ELLERBE, N.C. (April 28, 2014) — Teams from Gray Stone Day School and Park Ridge Christian School emerged as champions at the 2014 Youth Hunter Education Skills Tournament, the pre-collegiate shooting sports state championship, held Saturday by the N.C. Wildlife Resources Commission at Millstone 4-H Center in Richmond County.
Youth competed in team and individual categories for rifle, shotgun, archery and compass on senior (high school) and junior (middle and elementary schools) divisional levels, with overall team and individual awards based on aggregate scores in all events.
The Gray Stone “Gray” team won the senior division with an overall score of 3,856 out of a possible 4,000, while Park Ridge Christian won the junior division with an overall score of 3,610. Both schools are in Stanly County. Team and individual winners available here.
There were 554 students from 54 teams participating in this year’s tournament, having advanced from nine district events across the state where there was combined participation by more than 2,700 students from 290 schools. Overall attendance, including spectators, staff and competitors at the tournament was estimated as approaching 2,500.
“From an event perspective, the 36th annual tournament was probably the most efficient and best organized I have witnessed, and I can’t thank the volunteers, wildlife officers and hunter education specialists enough for their hard work,” said Travis Casper, the state hunting education coordinator and tournament director. “The teams did their part, too, and the level of competition was outstanding. We saw 26 new teams participate this year. The tournament series continues to grow.”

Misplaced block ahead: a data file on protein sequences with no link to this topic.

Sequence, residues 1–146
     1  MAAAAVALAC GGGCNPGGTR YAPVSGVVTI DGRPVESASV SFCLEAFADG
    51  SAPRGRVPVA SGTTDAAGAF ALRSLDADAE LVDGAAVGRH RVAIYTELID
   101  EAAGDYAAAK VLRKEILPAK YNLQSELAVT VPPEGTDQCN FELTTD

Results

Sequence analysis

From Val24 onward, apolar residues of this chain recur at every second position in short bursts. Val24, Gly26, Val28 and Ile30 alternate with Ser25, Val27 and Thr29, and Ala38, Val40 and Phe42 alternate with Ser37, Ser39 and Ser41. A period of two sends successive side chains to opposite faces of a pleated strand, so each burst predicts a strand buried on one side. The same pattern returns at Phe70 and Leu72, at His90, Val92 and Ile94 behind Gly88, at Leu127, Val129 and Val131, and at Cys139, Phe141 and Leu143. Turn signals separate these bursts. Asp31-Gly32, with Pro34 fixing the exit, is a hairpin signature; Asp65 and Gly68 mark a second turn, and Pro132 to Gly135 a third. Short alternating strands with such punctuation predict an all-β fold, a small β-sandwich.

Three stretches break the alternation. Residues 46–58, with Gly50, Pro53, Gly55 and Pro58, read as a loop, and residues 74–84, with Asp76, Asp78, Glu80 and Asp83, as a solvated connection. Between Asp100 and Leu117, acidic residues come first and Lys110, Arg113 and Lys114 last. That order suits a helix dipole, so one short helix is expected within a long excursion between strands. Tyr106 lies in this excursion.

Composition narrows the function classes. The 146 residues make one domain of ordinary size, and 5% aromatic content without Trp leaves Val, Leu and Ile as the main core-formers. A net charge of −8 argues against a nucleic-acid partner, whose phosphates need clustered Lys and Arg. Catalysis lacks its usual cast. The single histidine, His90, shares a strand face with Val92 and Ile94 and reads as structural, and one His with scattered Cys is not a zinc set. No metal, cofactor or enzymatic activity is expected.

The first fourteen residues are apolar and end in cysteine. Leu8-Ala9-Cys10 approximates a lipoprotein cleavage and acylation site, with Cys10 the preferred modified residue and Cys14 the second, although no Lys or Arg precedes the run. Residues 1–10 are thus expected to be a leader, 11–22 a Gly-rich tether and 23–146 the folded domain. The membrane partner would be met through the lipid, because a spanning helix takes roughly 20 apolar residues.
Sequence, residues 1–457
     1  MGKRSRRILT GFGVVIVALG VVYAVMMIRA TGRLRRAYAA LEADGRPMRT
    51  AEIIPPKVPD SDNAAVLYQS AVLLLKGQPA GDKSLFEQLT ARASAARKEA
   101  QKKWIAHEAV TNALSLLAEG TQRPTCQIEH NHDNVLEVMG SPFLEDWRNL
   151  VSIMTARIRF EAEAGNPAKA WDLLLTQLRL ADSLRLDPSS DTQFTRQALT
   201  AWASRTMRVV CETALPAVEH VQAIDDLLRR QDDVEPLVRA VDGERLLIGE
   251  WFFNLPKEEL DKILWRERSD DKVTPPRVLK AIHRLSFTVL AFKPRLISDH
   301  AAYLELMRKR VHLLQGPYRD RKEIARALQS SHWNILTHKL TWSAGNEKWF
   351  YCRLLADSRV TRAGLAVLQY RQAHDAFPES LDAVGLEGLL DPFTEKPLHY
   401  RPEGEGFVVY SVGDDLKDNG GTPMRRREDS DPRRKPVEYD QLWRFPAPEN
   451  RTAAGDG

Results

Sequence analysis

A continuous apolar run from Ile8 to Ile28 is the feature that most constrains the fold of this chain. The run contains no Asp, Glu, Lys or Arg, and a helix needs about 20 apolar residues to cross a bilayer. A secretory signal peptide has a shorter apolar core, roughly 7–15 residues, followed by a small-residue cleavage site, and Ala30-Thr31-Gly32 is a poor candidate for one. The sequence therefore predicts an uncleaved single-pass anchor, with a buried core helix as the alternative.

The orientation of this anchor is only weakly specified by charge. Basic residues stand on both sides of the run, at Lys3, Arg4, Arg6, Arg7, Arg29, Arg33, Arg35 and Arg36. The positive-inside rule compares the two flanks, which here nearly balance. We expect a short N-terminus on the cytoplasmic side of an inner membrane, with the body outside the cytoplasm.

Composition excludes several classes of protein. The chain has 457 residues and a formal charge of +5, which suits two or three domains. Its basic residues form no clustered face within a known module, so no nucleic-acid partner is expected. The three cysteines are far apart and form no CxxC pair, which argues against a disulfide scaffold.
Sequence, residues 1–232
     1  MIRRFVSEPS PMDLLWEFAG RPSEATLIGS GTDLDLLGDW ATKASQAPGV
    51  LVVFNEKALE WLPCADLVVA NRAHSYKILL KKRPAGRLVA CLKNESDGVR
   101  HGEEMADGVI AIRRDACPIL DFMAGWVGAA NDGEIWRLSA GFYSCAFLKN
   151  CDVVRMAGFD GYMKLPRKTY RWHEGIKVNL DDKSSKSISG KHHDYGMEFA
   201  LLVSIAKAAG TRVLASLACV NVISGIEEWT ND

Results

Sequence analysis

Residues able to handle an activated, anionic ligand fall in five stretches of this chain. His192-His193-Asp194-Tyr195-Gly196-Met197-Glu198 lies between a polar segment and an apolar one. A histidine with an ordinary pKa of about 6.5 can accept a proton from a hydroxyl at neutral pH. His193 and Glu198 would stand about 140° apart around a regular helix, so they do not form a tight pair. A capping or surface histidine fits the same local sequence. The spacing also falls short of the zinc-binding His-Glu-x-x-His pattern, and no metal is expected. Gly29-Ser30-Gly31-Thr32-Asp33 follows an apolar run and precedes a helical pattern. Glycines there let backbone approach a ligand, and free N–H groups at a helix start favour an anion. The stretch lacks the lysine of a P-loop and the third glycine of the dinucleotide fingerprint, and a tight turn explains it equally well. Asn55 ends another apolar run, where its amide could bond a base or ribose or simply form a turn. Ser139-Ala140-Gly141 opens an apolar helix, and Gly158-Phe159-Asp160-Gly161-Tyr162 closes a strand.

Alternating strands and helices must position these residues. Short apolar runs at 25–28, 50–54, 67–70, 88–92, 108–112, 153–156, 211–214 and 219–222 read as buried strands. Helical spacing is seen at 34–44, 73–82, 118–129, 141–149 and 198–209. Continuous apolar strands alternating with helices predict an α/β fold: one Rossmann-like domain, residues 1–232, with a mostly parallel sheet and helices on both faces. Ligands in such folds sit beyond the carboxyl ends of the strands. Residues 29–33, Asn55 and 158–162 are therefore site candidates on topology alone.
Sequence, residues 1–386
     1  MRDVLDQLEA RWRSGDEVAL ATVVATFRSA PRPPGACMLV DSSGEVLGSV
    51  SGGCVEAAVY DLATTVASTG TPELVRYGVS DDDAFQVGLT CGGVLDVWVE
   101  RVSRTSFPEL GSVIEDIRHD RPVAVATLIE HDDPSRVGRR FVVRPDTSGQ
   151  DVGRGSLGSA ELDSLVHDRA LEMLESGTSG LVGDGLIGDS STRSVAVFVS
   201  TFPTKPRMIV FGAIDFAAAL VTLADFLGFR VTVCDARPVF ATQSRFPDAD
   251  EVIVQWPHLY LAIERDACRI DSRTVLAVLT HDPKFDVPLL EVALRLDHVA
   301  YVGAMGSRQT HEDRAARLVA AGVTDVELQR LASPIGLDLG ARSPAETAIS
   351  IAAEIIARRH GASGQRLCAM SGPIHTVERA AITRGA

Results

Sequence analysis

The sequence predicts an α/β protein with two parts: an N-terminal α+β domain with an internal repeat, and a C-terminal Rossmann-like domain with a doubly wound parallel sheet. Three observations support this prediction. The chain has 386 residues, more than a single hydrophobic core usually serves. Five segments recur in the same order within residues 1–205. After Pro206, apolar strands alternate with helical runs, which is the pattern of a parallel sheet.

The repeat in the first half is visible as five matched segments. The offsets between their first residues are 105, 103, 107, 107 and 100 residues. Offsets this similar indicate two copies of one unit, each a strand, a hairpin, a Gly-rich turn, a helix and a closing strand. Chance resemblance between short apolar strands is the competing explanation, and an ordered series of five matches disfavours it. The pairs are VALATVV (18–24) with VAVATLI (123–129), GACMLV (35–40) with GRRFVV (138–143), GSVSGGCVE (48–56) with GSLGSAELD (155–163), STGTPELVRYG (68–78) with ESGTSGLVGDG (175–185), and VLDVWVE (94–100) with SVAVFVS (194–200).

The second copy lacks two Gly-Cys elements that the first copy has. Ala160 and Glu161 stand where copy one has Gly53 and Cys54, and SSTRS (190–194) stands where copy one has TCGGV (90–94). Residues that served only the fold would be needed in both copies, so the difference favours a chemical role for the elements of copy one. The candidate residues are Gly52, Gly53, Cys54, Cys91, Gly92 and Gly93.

The Fred Rorrer Trophy, which recognizes sportsmanship among competitors, was presented to Northeast Academy, of Lasker, N.C. The trophy honors its namesake, a longtime hunting education instructor with the Wildlife Commission who died unexpectedly in October 2010. Rorrer is remembered for his dedication to conservation and leadership in the youth tournaments, where he helped bolster North Carolina teams and individuals to the top levels of national competition.
The Commission’s Hunter Education Program holds the tournaments as an opportunity for youth to showcase outdoor skills and demonstrate safety. Teams are organized within public and private schools, while home-schooled students and teams representing organizations such as 4-H or FFA also can compete, provided they meet eligibility requirements. For more information, call 919-707-0031 or go to www.ncwildlife.org.